Select the "Axes" button in the "Layout" ribbon once again and point to "Primary Vertical Axis." Click on a title and description for the display option you want to apply your primary vertical access.
Open Microsoft Excel 2007, and start a new, blank spreadsheet or open an existing spreadsheet from your files into which you want to generate a random number.
Click the cell you want to generate a random number into so it is selected. The cell will have a thick black line outlining it.
Type "=RAND()" (no quotations) into the "Formula" text box near the top of the Excel screen. This is the function that instructs Excel to enter a random number between 0 and 1 into the selected cell.
Press the "Enter" key on your keyboard. The random number will be generated into the selected cell and you will be taken to the cell beneath it.
Continue the process of generating random numbers into your Excel cells using the same method as outlined above.
Start Microsoft Excel 2007, and open an existing spreadsheet from your files or create a new blank spreadsheet into which you want to generate a random number within a range that you designate.
Select the cell or multiple cells that you want to generate the random number into. You can use the SHIFT or CTRL keys on your keyboard to select multiple cells at the same time. The cells that random numbers will be generated into will be outlined by a black heavy line.
Type "=RANDBETWEEN" (no quotes) into the "Formula" textbox near the top of the Excel screen.
Continue to type the rest of the function that specifies the range you want the random numbers to fall into. "([Bottom],[Top])" (no quotes) should be inserted after "=RANDBETWEEN" (no quotes) with numbers replacing the word "Bottom" and "Top." The "Bottom" number should be the lowest random number you want to be generated ant the "Top" number should be the highest number you want to be generated.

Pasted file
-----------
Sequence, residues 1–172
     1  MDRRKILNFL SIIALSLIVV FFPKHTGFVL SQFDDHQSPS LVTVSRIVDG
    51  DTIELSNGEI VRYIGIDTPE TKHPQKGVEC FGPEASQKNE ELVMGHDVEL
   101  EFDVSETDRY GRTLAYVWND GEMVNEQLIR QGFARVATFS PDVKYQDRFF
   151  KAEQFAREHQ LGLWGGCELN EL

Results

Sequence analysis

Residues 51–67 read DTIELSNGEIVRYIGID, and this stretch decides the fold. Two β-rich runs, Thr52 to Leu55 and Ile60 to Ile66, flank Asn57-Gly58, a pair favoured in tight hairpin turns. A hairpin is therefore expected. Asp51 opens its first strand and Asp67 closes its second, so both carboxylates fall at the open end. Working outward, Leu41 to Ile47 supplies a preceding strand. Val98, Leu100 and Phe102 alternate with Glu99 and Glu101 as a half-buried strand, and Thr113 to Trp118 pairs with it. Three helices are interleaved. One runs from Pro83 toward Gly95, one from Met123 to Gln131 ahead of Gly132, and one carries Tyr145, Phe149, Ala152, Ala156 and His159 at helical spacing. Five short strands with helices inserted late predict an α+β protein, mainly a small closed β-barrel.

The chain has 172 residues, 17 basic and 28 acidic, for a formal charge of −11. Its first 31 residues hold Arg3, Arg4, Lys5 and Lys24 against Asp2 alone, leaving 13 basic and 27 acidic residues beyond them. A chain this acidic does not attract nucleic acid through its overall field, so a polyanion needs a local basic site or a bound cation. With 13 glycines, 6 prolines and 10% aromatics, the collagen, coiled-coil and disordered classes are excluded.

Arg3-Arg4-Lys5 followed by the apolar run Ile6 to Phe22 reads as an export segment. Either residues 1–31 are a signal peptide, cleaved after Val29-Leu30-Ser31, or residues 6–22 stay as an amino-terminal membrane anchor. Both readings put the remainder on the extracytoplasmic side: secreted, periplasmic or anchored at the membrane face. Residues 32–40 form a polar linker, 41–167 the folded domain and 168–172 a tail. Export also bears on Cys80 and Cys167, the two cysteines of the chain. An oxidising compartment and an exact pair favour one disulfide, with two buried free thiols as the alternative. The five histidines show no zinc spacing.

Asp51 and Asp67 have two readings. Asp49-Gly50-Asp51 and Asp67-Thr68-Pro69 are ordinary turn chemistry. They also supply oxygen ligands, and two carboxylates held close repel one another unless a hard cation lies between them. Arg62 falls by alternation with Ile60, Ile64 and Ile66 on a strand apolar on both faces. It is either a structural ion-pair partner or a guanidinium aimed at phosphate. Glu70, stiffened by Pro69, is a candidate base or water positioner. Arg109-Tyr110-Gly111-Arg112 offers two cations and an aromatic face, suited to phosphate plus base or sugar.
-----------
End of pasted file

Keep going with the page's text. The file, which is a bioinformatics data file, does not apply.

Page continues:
Press the "Enter" key on your keyboard if you selected one cell or the "CTRL+ENTER" if you have selected multiple cells. You will now see random numbers have been generated in the range that you have specified.
Start Microsoft Excel 2007, and open an existing workbook from your files in which you want to insert a static time into one of the cells. Alternatively, you can start a new, blank workbook to insert the static time.
Select the cell in the workbook you want to insert the static time into by clicking on it. The selected cell will now have a thick black box around it, indicating that it is selected and ready for the next step.
Hold down the "Ctrl," "Shift" and ":" keys at the same time on the keyboard. This keyboard shortcut will instruct Excel to enter a static time into the selected cell.
Look at the cell, and see the current time to be inserted into the selected cell. This time will not change at any point unless you manually change it yourself. It will not update on its own at any time.
Insert the static time into any other cells in the open Excel workbook using the same procedure that is outlined in the previous steps.